By CNN's Reza Sayah in Islamabad
The Pakistani government has appointed Sherry Rehman, one of its most liberal female lawmakers and staunch supporters of human rights, as the next ambassador to the United States.
The longtime member of Pakistan's ruling People's Party was a confidant of former Prime Minister Benazir Bhutto. When militants assassinated Bhutto in 2007, Rehman was part of the convoy that was attacked, riding several cars behind her.
Rehman took a stand in 2009 against her own political party when she resigned her post as information minister after the government banned a private television channel that had been critical of government policy.
The former journalist openly expressed her liberal views in this conservative society until she received death threats in 2010. The threats came after she proposed a bill to protect minorities by amending Pakistan¹s controversial blasphemy laws.
She withdrew the bill and seemed to keep a much lower profile when it became clear that other rights activists were not willing to support her against hardline religious groups who deemed any change to Pakistan's blasphemy laws as an attack on Islam.
Rehman replaces Pakistan¹s former Ambassador to Washington, Hussain Haqqani, who resigned amid alleged links to a secret plot to cut back the powers of Pakistan's military leaders.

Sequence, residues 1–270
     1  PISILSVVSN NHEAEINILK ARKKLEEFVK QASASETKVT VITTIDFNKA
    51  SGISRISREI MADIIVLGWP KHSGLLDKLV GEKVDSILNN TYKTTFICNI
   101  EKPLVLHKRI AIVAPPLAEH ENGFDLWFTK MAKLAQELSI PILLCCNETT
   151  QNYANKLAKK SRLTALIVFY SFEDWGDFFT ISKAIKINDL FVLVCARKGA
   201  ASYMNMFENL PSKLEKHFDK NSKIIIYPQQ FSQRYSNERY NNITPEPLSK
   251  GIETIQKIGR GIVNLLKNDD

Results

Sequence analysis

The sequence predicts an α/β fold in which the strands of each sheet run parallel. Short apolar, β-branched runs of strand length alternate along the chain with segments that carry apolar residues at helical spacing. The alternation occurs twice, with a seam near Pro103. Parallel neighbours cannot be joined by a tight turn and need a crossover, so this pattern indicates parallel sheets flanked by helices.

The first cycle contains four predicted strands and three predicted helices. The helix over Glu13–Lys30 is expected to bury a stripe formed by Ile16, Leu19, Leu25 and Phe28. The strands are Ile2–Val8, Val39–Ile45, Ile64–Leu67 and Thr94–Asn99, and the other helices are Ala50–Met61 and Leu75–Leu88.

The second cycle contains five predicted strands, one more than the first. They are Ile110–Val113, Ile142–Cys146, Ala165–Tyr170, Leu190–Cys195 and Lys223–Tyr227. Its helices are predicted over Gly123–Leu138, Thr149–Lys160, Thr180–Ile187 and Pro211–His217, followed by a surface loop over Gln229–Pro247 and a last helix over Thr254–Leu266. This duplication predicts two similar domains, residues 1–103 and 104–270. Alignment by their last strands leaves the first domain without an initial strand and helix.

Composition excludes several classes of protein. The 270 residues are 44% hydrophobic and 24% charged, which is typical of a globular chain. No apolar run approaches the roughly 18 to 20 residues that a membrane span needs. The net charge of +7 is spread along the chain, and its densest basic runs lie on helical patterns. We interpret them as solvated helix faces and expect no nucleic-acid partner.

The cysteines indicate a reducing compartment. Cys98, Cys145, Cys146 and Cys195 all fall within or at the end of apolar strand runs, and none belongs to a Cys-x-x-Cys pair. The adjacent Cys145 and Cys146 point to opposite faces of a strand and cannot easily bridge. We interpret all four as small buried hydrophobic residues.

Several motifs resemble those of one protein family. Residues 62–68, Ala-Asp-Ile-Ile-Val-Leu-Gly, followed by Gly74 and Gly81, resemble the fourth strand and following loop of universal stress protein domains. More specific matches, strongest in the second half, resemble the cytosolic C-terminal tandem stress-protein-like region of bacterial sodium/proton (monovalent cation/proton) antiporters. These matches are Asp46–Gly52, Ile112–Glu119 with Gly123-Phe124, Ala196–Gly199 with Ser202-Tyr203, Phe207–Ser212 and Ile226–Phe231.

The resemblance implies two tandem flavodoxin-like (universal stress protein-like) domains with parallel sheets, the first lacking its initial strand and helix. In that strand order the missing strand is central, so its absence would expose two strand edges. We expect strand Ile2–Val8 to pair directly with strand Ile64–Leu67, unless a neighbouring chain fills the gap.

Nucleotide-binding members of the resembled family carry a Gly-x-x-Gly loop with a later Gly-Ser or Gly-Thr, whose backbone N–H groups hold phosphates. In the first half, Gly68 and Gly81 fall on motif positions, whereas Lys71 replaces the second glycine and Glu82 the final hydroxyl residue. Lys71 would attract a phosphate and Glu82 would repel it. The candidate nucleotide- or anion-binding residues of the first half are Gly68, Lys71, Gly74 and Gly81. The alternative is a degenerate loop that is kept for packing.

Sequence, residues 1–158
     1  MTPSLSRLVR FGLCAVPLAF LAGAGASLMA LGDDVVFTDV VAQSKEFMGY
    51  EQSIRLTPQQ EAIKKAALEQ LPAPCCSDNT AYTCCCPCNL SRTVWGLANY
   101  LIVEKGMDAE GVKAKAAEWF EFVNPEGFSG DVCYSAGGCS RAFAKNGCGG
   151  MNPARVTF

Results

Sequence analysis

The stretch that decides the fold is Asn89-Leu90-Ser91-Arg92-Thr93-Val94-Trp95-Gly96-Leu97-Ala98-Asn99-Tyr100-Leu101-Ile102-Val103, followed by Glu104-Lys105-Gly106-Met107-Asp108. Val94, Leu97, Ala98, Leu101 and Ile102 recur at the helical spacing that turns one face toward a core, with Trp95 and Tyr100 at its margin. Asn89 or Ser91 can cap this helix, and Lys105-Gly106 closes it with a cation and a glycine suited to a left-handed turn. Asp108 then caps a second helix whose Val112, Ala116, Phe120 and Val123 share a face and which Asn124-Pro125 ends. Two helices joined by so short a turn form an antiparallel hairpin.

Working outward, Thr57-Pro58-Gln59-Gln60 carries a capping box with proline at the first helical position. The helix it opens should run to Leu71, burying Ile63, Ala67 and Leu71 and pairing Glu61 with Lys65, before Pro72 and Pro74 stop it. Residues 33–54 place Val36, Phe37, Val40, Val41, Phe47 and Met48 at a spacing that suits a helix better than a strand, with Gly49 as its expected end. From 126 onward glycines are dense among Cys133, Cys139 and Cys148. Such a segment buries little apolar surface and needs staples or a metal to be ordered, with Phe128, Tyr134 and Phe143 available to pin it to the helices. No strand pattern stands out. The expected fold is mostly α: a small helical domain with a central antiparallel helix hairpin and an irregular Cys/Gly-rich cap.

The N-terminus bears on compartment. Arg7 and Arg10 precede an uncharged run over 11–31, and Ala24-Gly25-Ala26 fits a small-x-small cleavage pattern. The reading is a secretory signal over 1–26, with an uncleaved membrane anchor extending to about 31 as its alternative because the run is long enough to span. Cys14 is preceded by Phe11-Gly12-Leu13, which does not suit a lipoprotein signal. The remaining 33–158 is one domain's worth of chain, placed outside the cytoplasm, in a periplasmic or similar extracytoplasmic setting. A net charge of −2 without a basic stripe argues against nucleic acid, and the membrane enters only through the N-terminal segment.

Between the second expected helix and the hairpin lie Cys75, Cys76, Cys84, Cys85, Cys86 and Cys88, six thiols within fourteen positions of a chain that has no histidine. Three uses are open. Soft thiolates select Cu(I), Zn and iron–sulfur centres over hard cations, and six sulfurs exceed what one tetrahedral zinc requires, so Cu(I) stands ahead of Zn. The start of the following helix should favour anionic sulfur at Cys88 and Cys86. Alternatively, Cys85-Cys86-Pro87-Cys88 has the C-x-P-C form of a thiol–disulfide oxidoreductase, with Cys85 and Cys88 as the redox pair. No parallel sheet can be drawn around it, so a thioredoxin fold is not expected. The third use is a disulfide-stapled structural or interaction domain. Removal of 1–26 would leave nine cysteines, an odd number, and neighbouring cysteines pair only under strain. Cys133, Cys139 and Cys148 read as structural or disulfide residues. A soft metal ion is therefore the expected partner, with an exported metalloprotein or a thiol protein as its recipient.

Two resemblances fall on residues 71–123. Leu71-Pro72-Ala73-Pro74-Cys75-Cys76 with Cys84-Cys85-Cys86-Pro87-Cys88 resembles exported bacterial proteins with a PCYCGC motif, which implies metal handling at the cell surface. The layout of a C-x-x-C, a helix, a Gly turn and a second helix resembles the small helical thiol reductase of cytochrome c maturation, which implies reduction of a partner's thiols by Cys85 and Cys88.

It is widely believed that the scandal so incensed the military brass that they wanted Haqqani out.
His resignation underscored the power of Pakistan's security establishment and reinforced the perception that it's the military leaders who call the shots, not the civilian government.
However, Rehman has never been viewed as being close to the Pakistani Army and her appointment suggests the military had little to do with her selection.
Rehman will face the immediate challenge of boosting the civilian government's ailing credibility in the eyes of Washington politicians and the US media.
But perhaps her most critical mission is to sell Pakistan as a reliable ally in the fight against militancy and a deserving recipient of billions of dollars in US aid, at a time when Washington is also fast losing trust in Islamabad.